World class kindness from anonymous South Boston U.S. Veteran..."John" finds $5000 and returns it to a family from Vietnam.
Carolyn was right. It’s never too late for a good story.
This one came to her just before Christmas, and she’s been wanting to share it with the world ever since, or at least that portion of the world she grew up in down on Third, between G and H, in Southie.
“My brother’s not one to blow his own horn,” she said of her younger sibling, John, now 65, a retired Boston school teacher and a Vietnam veteran. “He’s not the kind who’d want to be in a newspaper.
“But what he did says so much about the family we were raised in, the Southie we were raised in. So that’s why I wrote to you.”
Carolyn, 73, was also right about her brother.
He does not like talking about himself. “I’d rather be anonymous,” John explains.
He continues to receive treatments at a VA hospital for skin cancers resulting from exposure to Agent Orange during his 16-month hitch in Vietnam, much of which was spent in Can Tho in the Mekong Delta.
He was returning from one of those treatments when he made a stop at National Wholesale Liquidators in Dorchester to purchase a windshield wiper. On his way out John noticed a cellphone case on the ground.
“Nobody saw me pick it up,” he said. “I brought it to my car, thinking there might be some identification in it. Instead I found 50 $100 bills. I knew somebody had to be heartsick, especially just before Christmas. So I went back into the store and told the manager I had found some money. I didn’t tell him how much; I just left my phone number, so that if someone came looking for it, they could properly identify what they had lost.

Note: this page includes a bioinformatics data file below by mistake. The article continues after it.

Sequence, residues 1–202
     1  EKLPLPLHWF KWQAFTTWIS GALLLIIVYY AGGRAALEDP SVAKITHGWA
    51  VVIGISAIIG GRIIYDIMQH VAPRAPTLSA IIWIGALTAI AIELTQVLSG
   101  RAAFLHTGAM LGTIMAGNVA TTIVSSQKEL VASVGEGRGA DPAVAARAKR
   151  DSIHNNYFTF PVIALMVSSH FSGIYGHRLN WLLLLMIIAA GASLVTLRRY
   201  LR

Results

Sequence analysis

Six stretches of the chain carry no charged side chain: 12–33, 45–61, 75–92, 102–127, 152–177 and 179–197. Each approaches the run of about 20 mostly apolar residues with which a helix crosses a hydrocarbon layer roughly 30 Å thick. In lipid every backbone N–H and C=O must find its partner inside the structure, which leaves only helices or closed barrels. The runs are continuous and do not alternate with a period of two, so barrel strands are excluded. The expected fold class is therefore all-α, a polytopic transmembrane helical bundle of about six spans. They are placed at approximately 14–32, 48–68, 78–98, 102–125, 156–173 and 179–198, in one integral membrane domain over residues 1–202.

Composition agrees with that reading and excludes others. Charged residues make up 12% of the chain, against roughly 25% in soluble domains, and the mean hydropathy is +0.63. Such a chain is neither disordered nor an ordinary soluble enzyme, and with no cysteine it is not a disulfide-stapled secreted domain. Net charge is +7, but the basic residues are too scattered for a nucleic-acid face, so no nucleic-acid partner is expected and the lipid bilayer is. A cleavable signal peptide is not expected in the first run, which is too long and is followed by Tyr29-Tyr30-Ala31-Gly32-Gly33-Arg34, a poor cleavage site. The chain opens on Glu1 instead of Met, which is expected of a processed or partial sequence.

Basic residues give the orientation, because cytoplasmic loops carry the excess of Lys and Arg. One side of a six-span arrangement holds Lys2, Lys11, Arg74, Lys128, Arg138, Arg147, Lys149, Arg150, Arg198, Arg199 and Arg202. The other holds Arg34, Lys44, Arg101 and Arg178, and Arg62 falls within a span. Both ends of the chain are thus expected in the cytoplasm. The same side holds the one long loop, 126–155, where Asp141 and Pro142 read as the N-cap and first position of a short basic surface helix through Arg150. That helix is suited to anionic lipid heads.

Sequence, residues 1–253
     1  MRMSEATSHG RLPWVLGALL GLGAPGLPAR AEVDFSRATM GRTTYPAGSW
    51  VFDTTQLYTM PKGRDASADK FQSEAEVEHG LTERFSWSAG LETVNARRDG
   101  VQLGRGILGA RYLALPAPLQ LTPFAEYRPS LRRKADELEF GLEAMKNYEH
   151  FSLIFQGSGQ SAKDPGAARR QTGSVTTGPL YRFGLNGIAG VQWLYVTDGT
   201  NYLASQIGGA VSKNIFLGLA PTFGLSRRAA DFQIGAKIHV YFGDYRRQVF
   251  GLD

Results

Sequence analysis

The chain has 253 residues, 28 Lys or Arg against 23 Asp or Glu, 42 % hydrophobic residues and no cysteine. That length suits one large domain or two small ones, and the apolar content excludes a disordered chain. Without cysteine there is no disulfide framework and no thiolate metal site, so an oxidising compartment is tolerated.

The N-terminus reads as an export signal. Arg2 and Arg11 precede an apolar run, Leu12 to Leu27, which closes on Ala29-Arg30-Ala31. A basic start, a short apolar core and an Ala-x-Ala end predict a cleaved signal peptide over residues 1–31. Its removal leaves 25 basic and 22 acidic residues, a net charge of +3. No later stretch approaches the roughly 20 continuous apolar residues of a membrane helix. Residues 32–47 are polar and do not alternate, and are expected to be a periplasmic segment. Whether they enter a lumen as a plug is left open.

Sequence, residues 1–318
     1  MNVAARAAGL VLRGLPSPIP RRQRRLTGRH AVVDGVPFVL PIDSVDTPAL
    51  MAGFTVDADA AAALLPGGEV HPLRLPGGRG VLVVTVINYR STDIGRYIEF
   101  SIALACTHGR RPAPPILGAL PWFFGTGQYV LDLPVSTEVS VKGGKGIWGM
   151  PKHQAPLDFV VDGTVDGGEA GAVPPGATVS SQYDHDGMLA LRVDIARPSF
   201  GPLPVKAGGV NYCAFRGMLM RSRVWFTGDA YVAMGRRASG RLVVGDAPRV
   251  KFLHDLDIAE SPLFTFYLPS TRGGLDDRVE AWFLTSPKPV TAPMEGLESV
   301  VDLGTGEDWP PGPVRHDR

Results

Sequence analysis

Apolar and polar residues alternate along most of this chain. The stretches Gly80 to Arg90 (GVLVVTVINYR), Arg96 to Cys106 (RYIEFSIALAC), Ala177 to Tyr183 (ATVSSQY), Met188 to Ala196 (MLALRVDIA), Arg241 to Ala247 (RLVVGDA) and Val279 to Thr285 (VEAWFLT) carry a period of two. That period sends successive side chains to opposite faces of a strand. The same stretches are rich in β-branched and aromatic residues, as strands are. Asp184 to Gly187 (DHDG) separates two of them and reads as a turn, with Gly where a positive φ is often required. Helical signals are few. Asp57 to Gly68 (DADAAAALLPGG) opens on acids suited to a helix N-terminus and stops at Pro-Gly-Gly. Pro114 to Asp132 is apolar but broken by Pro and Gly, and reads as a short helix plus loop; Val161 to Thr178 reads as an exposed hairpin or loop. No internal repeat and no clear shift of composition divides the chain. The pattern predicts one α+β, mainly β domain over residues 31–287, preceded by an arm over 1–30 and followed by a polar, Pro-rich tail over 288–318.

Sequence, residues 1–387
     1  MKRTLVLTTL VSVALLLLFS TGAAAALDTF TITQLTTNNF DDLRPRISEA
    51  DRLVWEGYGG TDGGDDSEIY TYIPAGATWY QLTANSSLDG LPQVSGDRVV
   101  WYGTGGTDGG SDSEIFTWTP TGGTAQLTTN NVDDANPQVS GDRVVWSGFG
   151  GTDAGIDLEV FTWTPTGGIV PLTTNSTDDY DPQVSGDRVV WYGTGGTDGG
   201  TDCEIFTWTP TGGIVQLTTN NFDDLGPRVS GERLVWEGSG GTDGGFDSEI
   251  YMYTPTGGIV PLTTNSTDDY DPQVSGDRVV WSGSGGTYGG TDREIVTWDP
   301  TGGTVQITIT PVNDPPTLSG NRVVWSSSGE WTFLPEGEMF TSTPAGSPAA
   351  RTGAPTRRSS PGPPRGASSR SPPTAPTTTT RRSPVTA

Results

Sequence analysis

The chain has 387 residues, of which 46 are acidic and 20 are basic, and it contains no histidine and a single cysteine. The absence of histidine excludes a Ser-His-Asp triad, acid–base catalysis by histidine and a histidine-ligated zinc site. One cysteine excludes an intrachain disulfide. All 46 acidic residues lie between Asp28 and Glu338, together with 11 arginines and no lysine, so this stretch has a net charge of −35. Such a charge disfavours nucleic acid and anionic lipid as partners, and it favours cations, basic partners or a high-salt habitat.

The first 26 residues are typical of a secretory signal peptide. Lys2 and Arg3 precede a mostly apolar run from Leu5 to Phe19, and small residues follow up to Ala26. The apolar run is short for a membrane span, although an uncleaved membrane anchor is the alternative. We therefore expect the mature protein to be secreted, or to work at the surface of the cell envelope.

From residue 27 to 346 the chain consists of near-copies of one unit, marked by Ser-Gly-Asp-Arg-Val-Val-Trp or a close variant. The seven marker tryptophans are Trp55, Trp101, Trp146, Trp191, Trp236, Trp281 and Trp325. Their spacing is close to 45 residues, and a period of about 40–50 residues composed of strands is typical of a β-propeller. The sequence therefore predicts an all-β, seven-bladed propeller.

“Then I went home and an hour later my phone rang.”
The couple who’d lost the $5,000 had been saving a long time to come to America and had arrived just the day before, moving in with family in Dorchester.
They said they were from Vietnam.
“When I met them,” John recalled, “they hugged me so hard it hurt, because I had just undergone another treatment. Then they tried to give me a reward, but I said, ‘No, I can’t take your money.’ I was raised to believe we shouldn’t expect rewards for doing something right.